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61

Scripts are usually compiled at run time, while the host language will be compiled at compile time. This means that we don't need to recompile if the script changes. Recompiling a full game can take minutes to hours, which implies a big productivity hit. Usually, the critical code or backend code will not be scripted. This code should run fast and often ...


56

Scripting is a programming abstraction in which you (conceptually) have a program (the script) running inside another program (the host). In most cases, the language in which you write the script is different from the language in which the host is written, but any program-inside-a-program abstraction could be considered scripting. Conceptually, the common ...


38

No. At least, probably not. This is a very frequent case of reinventing the wheel is game development, a mistake that is still quite popular. If you're asking this question, you're very likely to be influenced by what others do, so just look at what Epic Games just did with the Unreal Engine: UE3 had a custom, weird, non-optimized, hard-to-debug ...


33

Lua is widely used in the game industry. From independent games (Aquaria) to AAA titles (Civilization). The core reason? I would say because it is easy to learn and easy to incorporate into your games. But the same could be said for Python, I'm sure. Scripting, in general, isn't difficult. I think the real reason you should go with Lua is because it's ...


32

Unity is growing in popularity in the industry, mostly in smaller companies. However, it is an excellent teaching environment. It is an important teaching tool, but not particularly common among mainstream companies. It's okay that you don't prefer it. Let me note something here, though, as I often see a confusion among programming students. "C++ ...


24

Unity is a perfectly valid solution in this context. Imagine for a second having 12 people, most of whom are still in the process of learning C++, writing a large and complex game application using it. In the amount of time spent debugging alone you will probably have been able to write another game in Unity. I'm not saying knowing how to use C++ is not ...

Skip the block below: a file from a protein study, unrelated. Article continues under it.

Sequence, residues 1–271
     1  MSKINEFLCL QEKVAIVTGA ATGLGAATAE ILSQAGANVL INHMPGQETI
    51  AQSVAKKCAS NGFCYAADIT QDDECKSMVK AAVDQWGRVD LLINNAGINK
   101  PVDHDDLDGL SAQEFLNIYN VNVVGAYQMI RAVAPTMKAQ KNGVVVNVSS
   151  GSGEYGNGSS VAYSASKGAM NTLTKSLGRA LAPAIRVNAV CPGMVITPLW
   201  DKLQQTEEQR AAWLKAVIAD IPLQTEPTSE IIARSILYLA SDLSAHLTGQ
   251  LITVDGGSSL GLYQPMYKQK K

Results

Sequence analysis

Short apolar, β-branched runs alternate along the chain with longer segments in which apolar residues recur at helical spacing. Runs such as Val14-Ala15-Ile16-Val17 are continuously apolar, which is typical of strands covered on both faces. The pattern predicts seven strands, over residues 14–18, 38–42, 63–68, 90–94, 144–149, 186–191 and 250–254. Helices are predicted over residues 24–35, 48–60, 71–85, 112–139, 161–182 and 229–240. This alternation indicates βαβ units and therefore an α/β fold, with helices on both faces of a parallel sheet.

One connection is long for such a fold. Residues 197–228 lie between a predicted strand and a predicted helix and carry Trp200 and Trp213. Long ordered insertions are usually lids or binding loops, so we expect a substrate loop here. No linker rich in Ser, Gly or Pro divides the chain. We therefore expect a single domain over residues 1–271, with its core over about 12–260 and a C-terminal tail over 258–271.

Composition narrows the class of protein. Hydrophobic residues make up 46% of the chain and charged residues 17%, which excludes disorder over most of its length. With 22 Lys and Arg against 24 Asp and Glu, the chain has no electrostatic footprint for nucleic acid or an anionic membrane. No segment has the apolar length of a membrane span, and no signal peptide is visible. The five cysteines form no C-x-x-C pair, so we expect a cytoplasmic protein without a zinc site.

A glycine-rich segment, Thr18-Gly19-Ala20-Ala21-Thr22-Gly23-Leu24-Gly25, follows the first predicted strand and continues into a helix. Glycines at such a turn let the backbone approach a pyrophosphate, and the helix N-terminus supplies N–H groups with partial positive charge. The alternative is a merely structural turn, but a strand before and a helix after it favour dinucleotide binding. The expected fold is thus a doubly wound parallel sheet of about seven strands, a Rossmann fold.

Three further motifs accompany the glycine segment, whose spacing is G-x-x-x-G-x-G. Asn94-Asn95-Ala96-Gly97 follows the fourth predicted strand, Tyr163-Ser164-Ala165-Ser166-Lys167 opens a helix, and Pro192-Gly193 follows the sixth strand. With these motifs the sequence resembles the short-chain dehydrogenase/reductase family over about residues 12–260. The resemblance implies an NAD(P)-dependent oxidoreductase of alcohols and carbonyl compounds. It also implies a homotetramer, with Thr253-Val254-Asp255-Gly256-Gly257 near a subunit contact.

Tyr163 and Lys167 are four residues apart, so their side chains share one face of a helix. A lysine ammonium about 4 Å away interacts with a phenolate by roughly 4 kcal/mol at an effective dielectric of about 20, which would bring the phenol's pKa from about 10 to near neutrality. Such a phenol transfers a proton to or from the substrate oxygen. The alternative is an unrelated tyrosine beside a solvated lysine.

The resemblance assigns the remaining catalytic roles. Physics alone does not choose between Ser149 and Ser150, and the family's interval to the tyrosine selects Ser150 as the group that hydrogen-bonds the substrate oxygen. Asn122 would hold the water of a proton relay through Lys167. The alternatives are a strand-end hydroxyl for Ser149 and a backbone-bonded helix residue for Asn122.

17

First of all, you should decide what part of your game is scripted. One option is to have a fully scripted game in the sense that while the time-critical backend operations are coded in C++, all the game logic is in the scripting language. Designers use the backend as a library called from the high level scripting language. On the other extreme, you can have ...


16

Scripts are written for a scripting language. People can use the words in slang sentences to get the muddling that you are referring to but ask anyone for the definitions of Script, Scripting and Scripting Language and you will get something like: Scripting is the act of writing Scripts using a Scripting Language. When you embed a scripting language into a ...


15

I advocate not using a scripting language in C#. C# is already solves the vast majority of problems that a scripting engine is used to solve. Just use C# in the way you would use a scripting language. Because I've been over this several times before, here is some reading material for you: A scripting language for XNA (duplicate of your question, but on ...


14

Dialogue could be provided in any form/structure you wish it depends on how you parse the information that makes the difference. I will provide you with a basic XML syntax to get you started without understanding your games structure or language I afraid i cant provide an implementation. <?xml version="1.0" encoding="UTF-8"?> <npcs> ...


13

My game uses an entity component framework and uses scripts to define entities (this doesn't directly define behavior, I'll talk more about that at the end). The scripts define the actual components to be used for creating each entity. It uses a simple scripting language I created. Here is a simplified version of one of my scripts: ENTITY:"Goblin" { ...


12

Squirrel Squirrel has an interesting history. It was built after a game architect had issues with Lua's unpredictable garbage collection, and crazy everything is null even if it doesn't exist. Squirrel is the sripting language used in Left 4 Dead 2. The API is very lua-like (Squirrel's author loves Lua's design). So Squirrel is an awesome language as ...


12

The term you want to search for here is "coroutines" (and usually the language keyword or function name is yield). Coroutines are program components that generalize subroutines to allow multiple entry points for suspending and resuming execution at certain locations. The implementation will depend first of all on your language. For a game you want the ...


11

The major advantage that comes to my mind is that it allows the configuration to be edited/managed by a non-programmer without requiring them to touch any of the game scripts.


10